If you've successfully founded a company before, you've got a leg up. Every new business idea comes with risk, but if your track record suggests an awareness of business fundamentals, you're well-placed to open additional doors, particularly with stakeholders you've worked with already. 

New to the VC world? Join an accelerator or incubator and do the rounds at tech conferences. Once you start building exposure by working these circuits and making intro calls and connections, you'll meet a few angel investors or partners at micro VCs that are genuinely attentive and operate in a relevant or symbiotic vertical. Enquire about milestones you might need to reach to cement their interest and build your investor list. 

You may also have close friends or family that would be interested in participating in the earliest stage of funding your venture.

Even if relationships don't pan out for funding, these conversations are never a waste because you can glean golden nuggets of insight about your own business, trends, and the industry environment. 

Lay the Groundwork 

Once you've achieved some of the goals and milestones early investors see as positives, it's time to get serious about raising VC funds and scheduling meetings with your curated list. This phase in a startup's life can be taxing, so brace yourself and beware of burnout.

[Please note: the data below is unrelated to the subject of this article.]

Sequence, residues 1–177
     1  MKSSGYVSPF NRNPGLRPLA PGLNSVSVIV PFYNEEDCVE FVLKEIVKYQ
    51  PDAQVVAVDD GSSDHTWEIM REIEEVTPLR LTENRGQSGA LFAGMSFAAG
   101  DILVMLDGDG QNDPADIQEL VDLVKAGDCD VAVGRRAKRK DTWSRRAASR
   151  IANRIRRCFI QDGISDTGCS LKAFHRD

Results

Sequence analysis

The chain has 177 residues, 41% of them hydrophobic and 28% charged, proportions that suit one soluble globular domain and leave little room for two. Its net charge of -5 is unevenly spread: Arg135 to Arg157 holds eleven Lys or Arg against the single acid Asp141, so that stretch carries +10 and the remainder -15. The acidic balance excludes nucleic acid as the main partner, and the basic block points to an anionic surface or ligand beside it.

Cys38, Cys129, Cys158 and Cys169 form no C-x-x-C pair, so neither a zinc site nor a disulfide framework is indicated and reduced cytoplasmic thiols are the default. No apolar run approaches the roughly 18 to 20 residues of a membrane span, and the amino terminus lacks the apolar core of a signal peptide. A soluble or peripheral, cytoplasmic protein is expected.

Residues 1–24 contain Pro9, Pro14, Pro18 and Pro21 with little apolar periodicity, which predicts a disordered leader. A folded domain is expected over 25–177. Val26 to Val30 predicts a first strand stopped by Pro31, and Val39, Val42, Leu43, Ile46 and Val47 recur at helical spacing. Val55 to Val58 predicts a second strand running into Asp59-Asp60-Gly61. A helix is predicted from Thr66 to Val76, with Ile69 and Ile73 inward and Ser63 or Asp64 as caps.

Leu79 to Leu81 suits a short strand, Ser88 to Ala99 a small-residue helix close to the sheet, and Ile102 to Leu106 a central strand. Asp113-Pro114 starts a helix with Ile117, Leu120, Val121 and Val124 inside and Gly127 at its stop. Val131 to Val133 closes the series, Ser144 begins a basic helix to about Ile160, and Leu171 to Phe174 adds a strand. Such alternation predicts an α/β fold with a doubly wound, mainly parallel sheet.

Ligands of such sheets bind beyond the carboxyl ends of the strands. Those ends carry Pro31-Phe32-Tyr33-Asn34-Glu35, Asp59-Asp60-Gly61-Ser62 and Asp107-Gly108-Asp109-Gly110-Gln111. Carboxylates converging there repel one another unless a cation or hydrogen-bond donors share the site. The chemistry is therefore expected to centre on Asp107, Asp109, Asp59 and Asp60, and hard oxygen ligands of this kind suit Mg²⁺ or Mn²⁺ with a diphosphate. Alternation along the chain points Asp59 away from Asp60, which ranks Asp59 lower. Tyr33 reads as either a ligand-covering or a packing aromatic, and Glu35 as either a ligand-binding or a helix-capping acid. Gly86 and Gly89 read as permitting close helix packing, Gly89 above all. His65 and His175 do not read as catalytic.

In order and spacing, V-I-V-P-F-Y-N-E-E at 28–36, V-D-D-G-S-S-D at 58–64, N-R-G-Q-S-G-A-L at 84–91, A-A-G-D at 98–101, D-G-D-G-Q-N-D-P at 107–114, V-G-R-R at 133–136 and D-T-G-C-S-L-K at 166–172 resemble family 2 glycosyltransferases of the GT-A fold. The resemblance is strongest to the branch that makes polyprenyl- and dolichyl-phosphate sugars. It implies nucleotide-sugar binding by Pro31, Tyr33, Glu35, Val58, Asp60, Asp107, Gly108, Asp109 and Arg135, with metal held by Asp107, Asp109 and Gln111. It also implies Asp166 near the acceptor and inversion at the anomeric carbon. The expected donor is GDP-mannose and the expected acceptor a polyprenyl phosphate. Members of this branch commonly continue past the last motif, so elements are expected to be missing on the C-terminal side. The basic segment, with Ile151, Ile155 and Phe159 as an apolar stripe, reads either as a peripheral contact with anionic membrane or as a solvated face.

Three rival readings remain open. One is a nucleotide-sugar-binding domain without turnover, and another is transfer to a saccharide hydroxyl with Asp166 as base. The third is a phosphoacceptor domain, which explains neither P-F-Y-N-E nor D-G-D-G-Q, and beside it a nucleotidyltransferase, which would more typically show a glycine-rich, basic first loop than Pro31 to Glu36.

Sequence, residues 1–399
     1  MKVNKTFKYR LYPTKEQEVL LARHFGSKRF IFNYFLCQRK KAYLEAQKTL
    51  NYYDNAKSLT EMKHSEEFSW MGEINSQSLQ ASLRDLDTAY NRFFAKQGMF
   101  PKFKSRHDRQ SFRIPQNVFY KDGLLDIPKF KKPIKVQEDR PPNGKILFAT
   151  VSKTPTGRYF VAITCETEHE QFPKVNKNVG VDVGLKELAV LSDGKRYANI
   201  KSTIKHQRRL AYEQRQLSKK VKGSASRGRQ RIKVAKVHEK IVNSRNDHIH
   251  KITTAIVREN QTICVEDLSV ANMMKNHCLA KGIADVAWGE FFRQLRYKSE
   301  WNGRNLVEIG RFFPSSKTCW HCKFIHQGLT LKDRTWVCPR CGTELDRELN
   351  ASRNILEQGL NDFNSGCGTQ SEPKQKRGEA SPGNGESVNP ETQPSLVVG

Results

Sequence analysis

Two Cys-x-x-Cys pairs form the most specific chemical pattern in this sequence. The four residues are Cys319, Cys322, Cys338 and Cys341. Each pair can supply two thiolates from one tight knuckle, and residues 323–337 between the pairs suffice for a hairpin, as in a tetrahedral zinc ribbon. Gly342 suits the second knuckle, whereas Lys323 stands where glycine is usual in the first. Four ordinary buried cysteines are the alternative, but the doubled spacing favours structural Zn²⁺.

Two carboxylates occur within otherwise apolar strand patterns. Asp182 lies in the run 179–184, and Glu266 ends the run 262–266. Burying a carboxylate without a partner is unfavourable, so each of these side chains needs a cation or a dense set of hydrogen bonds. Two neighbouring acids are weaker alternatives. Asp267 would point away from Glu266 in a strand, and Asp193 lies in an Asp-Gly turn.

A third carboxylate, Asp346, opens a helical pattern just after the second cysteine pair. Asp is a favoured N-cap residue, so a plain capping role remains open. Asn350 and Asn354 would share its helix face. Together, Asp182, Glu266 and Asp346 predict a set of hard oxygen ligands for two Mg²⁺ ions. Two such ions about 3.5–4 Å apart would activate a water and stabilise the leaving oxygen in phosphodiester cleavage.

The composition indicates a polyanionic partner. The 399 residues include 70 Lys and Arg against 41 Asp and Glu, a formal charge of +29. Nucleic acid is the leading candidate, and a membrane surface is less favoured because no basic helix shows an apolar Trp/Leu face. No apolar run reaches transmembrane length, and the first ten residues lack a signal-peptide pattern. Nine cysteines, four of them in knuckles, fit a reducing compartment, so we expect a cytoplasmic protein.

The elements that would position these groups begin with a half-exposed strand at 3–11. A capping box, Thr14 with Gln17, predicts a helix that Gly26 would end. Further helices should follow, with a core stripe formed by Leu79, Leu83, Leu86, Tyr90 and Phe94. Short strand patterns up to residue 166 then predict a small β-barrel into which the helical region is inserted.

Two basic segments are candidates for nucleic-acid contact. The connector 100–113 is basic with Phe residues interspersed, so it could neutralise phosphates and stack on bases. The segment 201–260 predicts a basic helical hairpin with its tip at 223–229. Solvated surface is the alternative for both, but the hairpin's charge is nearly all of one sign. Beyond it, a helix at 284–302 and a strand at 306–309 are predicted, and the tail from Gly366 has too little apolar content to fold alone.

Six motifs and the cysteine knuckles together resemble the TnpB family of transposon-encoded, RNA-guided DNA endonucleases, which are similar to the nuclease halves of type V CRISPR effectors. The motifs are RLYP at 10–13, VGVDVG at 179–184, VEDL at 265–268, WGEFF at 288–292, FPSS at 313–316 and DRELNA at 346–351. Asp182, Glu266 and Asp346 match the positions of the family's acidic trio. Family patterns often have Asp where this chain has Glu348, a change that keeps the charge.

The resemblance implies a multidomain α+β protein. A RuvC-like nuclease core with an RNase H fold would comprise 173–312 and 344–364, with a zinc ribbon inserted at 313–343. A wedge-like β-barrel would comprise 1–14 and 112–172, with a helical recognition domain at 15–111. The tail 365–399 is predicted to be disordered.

Email your prospects around three months before closing. Begin with the pre-seed investors you're less keen on as they serve as warm-ups for the main targets.

Is there low-hanging fruit? Start with these potential investors, too, so you can convert them and present the best possible case to the big money cohorts. 

Get Your Documentation Ducks In a Row

Have answers to all the questions you would ask if you were doing due diligence on a hypothetical third party. Investors need to do their fiduciary duty, so in addition to a pitch deck and investment contract, they might want to see items of due diligence, including:

  • Financial statements such as profit & loss statements (also called P&L statements or income statements), balance sheets, and cash flow statements. Preparing a rundown of future expenses and financial projections is also advised, for example: three years of annual projections for revenue and cost of sales by segment, Earnings Before Interest and Taxes (EBIT), as well as expenses like admin, human resources, marketing, and R&D
  • A reference list including senior members of management, advisors, a couple of customers, investors, and anyone else you have faith in and feel could be influential for favorable decision-making
  • Investment documents such as a simple agreement for future equity (SAFE) and convertible notes
  • Current and pro forma cap tables that comprehensively outline present and projected equity allocations without divulging names
  • Nice-to-haves including go-to-market strategies, product roadmaps, key performance indicators, sales figures, articles of incorporation, press coverage, patents or trademarks, and five-year budgets showing how much you need and the timelines you're working with. See Zeni’s Due Diligence Checklist for more color